Book of Deuteronomy-Devarim


JJ Tissot - Moses Views the Promised Land (Deuteronomy 34).The Book of Deuteronomy is the fifth and final Book of the Pentateuch of Moses, also known as the Torah or Law. The Law includes the Books of Genesis, Exodus, Leviticus, Numbers, and Deuteronomy, which is followed by the Book of Joshua. The Book of Deuteronomy was known as Hadabarim in Hebrew Scripture, which means “the Words,” namely, the words Moses spoke to the people in the fortieth year following the Exodus, on the other side of the Jordan River from the Promised Land. It is known asDeuteronomy (Second Law) because Moses recaps the Ten Commandments and the Laws governing the Covenant between God and the Israelites. There were also additional Laws in the Deuteronomic Covenant not present in the Sinai Covenant, such as the provision for warfare, to allow the conquest of Canaan; a provision for Kingship; and the Law given for one Sanctuary.




The Book is organized into three discourses of Moses: Historical Review and Exhortation (1:1 – 4:43), God and His Covenant (4:44 – 11:32), Exposition of the Law (12:1 – 28:69), as well as a prolonged Epilogue (29:1-34:12), which includes his Final Words, the Song of Moses, and his death. Moses emphasizes the Covenant with God and includes the second rendering of the Ten Commandments (5:6-21). He further calls for the Israelites to be faithful to the Covenant.Deuteronomy 30:15-20 expresses the conditional nature of the promise of the Land, as it emphasizes the correlation between faithfulness to the Covenant and settlement in the Land, and between infidelity and Exile. The final portion of Deuteronomy (Chapters 31-34) relates the last acts of Moses and his death.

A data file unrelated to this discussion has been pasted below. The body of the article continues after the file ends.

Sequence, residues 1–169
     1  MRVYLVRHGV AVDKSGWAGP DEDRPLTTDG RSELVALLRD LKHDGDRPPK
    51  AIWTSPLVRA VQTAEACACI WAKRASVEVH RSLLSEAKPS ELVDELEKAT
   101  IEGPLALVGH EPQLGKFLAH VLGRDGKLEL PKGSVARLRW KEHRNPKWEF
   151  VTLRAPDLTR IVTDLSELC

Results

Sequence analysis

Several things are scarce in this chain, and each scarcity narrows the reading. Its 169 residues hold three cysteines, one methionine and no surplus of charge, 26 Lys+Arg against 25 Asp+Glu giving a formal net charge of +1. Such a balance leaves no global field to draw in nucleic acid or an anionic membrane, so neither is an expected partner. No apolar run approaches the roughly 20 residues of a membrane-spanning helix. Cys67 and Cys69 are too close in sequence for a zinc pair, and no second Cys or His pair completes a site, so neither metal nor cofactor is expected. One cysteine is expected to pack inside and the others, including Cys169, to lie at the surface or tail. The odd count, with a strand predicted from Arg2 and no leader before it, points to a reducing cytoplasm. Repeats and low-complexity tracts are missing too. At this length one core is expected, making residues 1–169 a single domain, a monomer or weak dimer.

Moses offered excellent medical advice on Marine Life (14:9-10), which remains just as relevant today! The Book of Deuteronomy in a sense provides a bridge, for it serves both as a summary of the Providence of God towards his chosen people in the Pentateuch, and as a prologue to the theological History of the Israelites in the Promised Land as recorded in the Historical Books of the Old Testament. For example, Deuteronomy 12:17 points to one Sanctuary, “the place where he dwells,” a place of centralized worship, accomplished with the building of Solomon’s Temple (I Kings 5-8); Chapter 17 speaks of the role of a King should the people decide on one, and the three provisions of a just king; and Chapter 30 prophetically warns of an Exile if the people are disobedient to their Covenant with God.




The Book of Deuteronomy is often alluded to and quoted in the New Testament, as noted in the following three examples. When Jesus Christ named the first of the two greatest commandments (Matthew 22:37, Mark 12:30, Luke 10:27), He referenced Deuteronomy 6:4-5 – “Hear, O Israel! The Lord is our God, the Lord alone. Therefore, you shall love the Lord your God with all your heart, and with all your soul, and with all your strength.” Jesus answered the devil in the first temptation (Luke 4:4) by quoting Deuteronomy 8:3, “It is written, ‘man does not live by bread alone.'” Moses is quoted is both Acts 3:22-23 and 7:37 when he gave the definition and promise of a prophet in Deuteronomy 18:15-19.




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